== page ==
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Web Exclusive | Caste and colour in cricket

Web Exclusive | Caste and colour in cricket
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First Published: Mon, Jan 28 2008. 08 44 AM IST

Raj Liberhan, director, India Habitat Centre, New Delhi
Raj Liberhan, director, India Habitat Centre, New Delhi
Updated: Mon, Jan 28 2008. 08 44 AM IST
Indians have done it again. For long a subject race, we have upped the ante and the shoe is now firmly on the other foot. We have been accused of being racists by the white man. Difficult to imagine that one would live to see the day when the white man is feeling the heat of the superior ‘ brown sahib’. The hunter has become the hunted, and in his own land. This is just not cricket according to the white man’s standards.
Raj Liberhan, director, India Habitat Centre, New Delhi
The issues involved are fundamentally laughable, were it not for the serious and grave demeanours of the busybodies who are ubiquitously referred to as the Cricket administrators in the countries involved. These gentlemen in their sombre dark suits with expressions to match have brought otherwise healthy sporting rivalries to a sorry pass. The media naturally joined the party and the pitch has become even harder to bat on.
In such a scenario, bouncers flew apace and got angrier still. The screams got louder for the sacking of the umpire, a fellow brown one at that and with this was coupled a national cry to get our team back without any further ado. The subtle art of spin was forgotten in the dialogue of the aggrieved and our off- the- field, uncharacteristic display of aggression inflamed passions all around.
No balls, wide balls or chukkers - everything was lobbed into the Sydney cricket ground and in the intense heat of the moment, good sense and reason was out for no score.
Who cast the first stone? Nobody knows, nor does it matter really. One more wound in the body of the game. Not fatal surely but enough to scar. Everyone appears to have forgotten, including the Australians, that we are casteists to the core, certainly not racist. This transformation has within its womb to threaten the social fabric of our sovereign country and that is why this hue and cry to get our team back before our divided society cracks.
The Australians could not have known that apart from an abiding belief in the superiority of the Aryan race, our alleged progenitors, have never seriously propagated the brown man’s preeminent precedence either in the possession of a refined DNA or a palpably higher IQ. Infact such a proposition has not even been mutely suggested in our international behaviour.
For heaven’s sake, we are casteists, not racists. Racism is a disease reserved for those, thanks to whom the word Apartheid came into existence. We have reams of evidence, ranging from the divine to the human to prove this. Hundreds of years ago, we were ordained to divide ourselves along assigned roles determined by birth and have stayed the course.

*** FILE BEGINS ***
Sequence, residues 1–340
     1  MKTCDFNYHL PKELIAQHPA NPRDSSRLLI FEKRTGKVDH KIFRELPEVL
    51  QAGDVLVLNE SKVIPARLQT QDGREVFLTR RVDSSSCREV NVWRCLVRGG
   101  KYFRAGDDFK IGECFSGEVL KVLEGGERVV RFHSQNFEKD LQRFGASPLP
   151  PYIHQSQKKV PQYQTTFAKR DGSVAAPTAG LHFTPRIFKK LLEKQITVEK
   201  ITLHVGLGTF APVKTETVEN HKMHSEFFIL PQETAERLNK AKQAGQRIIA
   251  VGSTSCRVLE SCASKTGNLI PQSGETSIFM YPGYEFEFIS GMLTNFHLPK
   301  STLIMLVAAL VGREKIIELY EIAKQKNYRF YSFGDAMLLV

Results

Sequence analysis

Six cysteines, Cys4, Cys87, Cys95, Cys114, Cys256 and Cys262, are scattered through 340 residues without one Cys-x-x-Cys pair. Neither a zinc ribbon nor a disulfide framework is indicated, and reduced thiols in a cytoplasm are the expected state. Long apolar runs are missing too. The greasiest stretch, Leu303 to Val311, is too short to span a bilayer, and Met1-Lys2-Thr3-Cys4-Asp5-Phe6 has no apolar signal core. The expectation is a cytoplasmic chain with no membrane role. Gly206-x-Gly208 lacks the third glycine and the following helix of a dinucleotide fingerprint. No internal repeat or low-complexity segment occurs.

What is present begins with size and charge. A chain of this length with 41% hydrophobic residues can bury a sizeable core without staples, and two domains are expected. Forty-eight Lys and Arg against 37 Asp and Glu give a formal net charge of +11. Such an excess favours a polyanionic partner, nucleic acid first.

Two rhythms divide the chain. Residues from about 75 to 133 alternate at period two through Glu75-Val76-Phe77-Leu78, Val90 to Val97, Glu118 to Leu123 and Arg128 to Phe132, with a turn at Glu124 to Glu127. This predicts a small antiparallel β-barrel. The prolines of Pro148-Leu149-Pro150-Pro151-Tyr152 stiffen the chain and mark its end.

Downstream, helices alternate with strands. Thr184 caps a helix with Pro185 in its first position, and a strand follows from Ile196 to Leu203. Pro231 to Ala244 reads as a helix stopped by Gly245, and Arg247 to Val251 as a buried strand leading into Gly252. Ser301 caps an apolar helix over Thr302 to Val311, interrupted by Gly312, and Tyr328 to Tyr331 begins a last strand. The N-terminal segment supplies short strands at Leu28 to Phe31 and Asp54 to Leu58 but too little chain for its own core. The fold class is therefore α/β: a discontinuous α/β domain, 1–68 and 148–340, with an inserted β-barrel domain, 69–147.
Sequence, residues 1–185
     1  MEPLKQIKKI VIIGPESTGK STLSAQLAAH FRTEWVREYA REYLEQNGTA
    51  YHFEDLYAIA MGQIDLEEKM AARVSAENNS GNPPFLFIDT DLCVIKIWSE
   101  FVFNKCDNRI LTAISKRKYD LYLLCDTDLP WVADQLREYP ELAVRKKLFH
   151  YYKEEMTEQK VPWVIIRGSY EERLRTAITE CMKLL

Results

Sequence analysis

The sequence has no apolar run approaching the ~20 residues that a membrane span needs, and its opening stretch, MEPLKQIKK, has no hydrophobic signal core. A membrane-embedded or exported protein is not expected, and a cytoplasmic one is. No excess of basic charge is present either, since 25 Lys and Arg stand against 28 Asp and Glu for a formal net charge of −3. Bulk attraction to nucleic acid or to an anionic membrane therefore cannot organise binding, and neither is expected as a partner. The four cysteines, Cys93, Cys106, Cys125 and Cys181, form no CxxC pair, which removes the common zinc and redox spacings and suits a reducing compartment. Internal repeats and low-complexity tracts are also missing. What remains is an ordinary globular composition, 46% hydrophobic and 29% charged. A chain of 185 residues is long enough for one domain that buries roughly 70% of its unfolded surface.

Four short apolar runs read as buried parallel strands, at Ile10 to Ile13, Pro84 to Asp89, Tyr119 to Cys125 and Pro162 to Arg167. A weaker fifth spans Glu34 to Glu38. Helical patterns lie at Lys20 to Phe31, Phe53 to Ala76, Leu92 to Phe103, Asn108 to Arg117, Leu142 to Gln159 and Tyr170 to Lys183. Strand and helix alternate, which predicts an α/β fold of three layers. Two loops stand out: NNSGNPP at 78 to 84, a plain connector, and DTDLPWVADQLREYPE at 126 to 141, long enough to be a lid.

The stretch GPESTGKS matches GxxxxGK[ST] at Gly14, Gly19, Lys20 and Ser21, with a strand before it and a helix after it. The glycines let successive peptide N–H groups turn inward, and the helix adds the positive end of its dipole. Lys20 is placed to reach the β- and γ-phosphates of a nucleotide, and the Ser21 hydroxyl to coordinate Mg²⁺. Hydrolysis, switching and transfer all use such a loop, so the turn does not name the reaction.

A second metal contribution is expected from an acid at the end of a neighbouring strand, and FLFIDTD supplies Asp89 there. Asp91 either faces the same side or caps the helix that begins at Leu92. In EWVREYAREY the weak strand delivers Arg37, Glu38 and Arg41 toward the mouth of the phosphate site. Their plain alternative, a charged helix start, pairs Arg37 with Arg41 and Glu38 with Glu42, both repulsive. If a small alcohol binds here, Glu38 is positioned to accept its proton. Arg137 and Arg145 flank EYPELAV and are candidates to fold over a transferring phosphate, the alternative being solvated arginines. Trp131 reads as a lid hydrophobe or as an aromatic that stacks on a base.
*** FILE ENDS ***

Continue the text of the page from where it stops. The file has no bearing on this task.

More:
The stratified system has all the embedded prejudices of creed and sect, and sex but colour, only very little of colour, in as much as the universally preferred complexion is fair. For some reason fairness has been a mental block for a large section of our countrymen. It is the colour of preference amongst all bride seekers. It is also the colour of last preference in our dealings. Everything that works in my favour is fair and all else is darkened with taint of one reason or the other.
In fact, we have modified the rule of law to rule in favour of the law and in the absence of this happening, the mighty have been known to conveniently change the law. But these are small issues and we should not miss the big picture which shows the practicing casteists still holding sway on the affairs of our society.
Marriages, tenancies, elections, for all of these, the starting point is looking up the caste configuration. It is one bind you cannot get out of, unless you take another birth and this as we all know is complicated, to say the least. You also cannot convert to break free, because even amongst the converted the original tag tends to live on.
You do not afterall become a Brahmin through conversion nor can you give up your vaishiya status through renunciation. The same logic applies to all the other castes. Brother, are we stuck with the tag! To whom the Gods ordain, no human may alter, and that’s the way it is going to be. It is not a rigid system, as you imagine it to be.
A couple of thousand years of meditation, without human contact could get you off the look, if you were intent on it. Then again, at the end of the thousand year’s effort, it may not happen. It is strictly a matter of divine pleasure. That is why, most of us have stayed within the allotted Rs.varna’.
Any dim witted person who looks at this weight of historical and theological evidence would never dream of labelling any member of his/her tribe as Rs.racist’ in a pejorative sense. After all did we not get only the brown umpire sacked and left the white one unscathed. Now, is this racism? Not by a long shot. It is only discrimination, and we can live with that, but the Australians willl find it hard to live with their victory as only one team played cricket.
Raj Liberhan is Director of the India Habitat Centre at New Delhi. Send your reactions to socionomics@livemint.com
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First Published: Mon, Jan 28 2008. 08 44 AM IST